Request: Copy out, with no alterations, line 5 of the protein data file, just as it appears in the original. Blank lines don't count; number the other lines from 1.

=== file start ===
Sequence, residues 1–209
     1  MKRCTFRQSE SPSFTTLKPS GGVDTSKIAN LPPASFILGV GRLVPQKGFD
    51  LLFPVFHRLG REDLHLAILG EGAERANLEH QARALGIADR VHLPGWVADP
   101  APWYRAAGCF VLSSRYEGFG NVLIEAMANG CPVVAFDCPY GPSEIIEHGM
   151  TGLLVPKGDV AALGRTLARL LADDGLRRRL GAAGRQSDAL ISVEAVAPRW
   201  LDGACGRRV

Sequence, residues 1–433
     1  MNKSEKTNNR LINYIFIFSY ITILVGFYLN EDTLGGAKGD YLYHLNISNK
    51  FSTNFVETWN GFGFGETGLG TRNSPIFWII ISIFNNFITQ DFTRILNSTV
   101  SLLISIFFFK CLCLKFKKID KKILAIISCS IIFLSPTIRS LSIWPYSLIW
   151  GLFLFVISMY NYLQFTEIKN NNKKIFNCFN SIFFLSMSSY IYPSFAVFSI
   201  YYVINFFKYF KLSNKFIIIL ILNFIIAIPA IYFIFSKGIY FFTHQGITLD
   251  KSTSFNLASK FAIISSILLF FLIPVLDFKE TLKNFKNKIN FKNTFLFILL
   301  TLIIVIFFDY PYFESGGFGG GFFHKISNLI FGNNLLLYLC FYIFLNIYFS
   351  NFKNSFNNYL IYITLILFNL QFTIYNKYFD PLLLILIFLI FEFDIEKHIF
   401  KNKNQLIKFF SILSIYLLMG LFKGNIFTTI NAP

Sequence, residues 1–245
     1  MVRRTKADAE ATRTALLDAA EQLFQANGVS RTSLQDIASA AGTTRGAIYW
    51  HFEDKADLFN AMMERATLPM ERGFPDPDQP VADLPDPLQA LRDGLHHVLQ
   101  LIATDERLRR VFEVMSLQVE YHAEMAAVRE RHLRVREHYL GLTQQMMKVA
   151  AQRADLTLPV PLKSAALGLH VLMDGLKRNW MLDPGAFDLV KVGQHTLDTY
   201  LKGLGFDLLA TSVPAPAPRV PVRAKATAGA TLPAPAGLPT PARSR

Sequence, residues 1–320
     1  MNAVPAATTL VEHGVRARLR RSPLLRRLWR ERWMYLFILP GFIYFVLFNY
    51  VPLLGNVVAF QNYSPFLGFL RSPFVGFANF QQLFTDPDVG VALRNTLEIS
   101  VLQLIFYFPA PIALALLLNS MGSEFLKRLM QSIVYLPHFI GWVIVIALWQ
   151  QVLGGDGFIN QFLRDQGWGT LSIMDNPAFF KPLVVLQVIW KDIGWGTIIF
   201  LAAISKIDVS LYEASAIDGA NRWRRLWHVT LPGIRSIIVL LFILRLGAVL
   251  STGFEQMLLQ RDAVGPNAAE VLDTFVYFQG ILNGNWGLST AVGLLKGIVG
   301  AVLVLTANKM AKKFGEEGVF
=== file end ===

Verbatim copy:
   151  TGLLVPKGDV AALGRTLARL LADDGLRRRL GAAGRQSDAL ISVEAVAPRW